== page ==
In truth, I was a mess dealing with the shame of my living situation.

One conversation with The Influencer helped me start to shift my mindset.  Two things she said stuck with me: 1) How do you know that your parents living with you isn’t a blessing?  2) What we resist, persists. Just let it go, Jen.

I started thinking about the positive impact of my parents living with me for the past couple of years:

  • I went on 3 trips in December 2017 (my “December To Remember”) and spent 21/30 days on travel with friends.  Everything in and around the house stayed safe, packages got accepted, mail was collected, we got free rides to the airport and there was a home cooked meal waiting for us after a 20-hour travel day.

  • As I tried to heal from my biological Father’s death and subsequent revelations on the pain of our relationship,  I was able to go upstairs and cry with my Mom, get answers about things that plagued me and have comforting scriptural words from my stepdad.

  • They contributed to our household financially, allowing me to take multiple trips without having to break the bank.

In the Power of Vulnerability, Dr. Brene’ Brown shares one of her mantras and it really resonated with me: “Don’t puff up, don’t shrink, stand your sacred ground.”  When I started to let go of the feeling that my identity was tied to my living situation, I immediately started to feel better.  Instead of being ashamed, I started offering up that my parents and I live together whenever the conversation with new acquaintances moved in that direction.  I tried not to say, ‘My parents live with ME’, and simply said, ‘My parents and I live in the same house.’  When I had dinner parties, I happily invited my parents to join in the festivities and the evenings seemed to go more smoothly as a result of our coordinated efforts.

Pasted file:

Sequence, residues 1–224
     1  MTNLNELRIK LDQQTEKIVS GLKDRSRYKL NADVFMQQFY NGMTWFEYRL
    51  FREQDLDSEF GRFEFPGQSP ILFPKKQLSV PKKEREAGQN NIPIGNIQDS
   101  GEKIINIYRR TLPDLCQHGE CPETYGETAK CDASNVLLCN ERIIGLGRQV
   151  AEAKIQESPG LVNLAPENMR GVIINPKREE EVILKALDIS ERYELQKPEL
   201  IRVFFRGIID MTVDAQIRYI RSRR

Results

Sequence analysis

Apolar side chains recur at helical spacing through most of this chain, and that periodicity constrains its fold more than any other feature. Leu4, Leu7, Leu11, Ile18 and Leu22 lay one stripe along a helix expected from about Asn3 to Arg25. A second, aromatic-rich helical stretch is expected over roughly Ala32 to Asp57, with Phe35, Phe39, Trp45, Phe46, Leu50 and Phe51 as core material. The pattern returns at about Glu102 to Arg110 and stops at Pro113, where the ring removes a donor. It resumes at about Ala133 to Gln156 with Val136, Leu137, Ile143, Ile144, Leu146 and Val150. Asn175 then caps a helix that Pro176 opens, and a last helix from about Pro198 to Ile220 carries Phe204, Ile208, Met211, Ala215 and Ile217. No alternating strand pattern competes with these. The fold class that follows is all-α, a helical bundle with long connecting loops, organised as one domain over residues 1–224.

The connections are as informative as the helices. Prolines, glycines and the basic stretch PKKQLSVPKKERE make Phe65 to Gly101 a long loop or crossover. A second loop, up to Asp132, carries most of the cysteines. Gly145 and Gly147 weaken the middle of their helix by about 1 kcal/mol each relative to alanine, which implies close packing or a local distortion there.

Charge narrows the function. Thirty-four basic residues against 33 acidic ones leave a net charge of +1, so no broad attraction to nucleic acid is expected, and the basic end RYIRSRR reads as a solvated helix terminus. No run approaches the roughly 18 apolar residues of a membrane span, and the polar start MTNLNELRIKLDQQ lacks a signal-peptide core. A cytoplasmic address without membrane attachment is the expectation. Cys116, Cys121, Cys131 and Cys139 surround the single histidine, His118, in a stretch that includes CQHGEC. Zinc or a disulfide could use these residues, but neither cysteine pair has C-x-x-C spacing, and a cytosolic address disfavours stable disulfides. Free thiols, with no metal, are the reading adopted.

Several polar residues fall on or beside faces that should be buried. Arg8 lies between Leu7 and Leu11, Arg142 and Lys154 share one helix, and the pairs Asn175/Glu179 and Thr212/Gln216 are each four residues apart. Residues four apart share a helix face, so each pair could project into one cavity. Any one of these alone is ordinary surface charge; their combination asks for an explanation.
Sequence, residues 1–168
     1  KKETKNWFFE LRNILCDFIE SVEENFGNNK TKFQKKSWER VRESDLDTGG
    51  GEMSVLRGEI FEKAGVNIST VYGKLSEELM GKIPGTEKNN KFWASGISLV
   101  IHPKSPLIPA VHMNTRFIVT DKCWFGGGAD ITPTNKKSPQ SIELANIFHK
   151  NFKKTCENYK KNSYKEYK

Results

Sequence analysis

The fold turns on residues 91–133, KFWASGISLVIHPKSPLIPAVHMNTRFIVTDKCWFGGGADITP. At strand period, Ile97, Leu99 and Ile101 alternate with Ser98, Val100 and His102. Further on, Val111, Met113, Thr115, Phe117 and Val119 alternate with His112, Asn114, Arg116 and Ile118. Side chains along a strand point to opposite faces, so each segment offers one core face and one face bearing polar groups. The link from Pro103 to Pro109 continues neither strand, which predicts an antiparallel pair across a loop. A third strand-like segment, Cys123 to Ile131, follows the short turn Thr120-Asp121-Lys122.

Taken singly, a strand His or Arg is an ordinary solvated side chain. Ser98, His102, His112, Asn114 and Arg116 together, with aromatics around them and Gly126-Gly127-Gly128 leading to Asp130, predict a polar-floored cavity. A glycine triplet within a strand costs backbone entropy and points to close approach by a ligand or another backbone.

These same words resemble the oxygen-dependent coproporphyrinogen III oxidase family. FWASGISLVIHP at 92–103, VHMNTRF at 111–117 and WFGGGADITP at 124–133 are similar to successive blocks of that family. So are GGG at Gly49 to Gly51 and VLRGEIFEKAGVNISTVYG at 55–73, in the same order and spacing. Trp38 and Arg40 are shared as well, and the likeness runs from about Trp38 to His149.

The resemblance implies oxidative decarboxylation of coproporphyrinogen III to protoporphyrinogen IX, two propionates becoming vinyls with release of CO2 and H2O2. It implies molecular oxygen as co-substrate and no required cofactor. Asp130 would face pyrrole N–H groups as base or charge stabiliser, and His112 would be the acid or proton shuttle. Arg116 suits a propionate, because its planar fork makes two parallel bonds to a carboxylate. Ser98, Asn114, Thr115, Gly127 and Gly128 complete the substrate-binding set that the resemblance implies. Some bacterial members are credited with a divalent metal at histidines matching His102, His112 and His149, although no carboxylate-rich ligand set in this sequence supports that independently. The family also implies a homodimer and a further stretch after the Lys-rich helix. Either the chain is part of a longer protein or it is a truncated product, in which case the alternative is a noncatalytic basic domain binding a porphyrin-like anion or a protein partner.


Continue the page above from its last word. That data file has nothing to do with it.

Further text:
Two other nuggets from Dr. Brown’s audio book that hit me hard were: 1) We either own our story or we stand outside of it and hustle for our worthiness.  2) Authenticity is the daily practice of letting go of who we think we are supposed to be and embracing who we actually are.

How long was I going to let other people’s perceived attitudes about what life at my age is “supposed to look like” keep me from enjoying the good things I have?  Whose approval about my living situation was I hustling to achieve? When would I be enough?

It was amazing how just a slight change in my thinking impacted how I felt.  Of course, just as I started getting more comfortable with this way of thinking, my parents found what they were looking for and made plans to move out!   

Looking back over the last few years, I wish I had come to these conclusions much sooner.  I have had to apologize to those 3 friends and my parents on more than one occasion. I AM happier having my house to myself again, but more for the opportunity to redecorate and spread out than because of what anyone might think of my living situation or by extension what they think of me.

The realization of how my attitude was impeding my happiness is helping me to look at other areas of my life where I have typically shrunk back because of feelings of shame.  I can’t wait to see where else I can shred these feelings and release the pain holding me back from the wholehearted living I have longed for.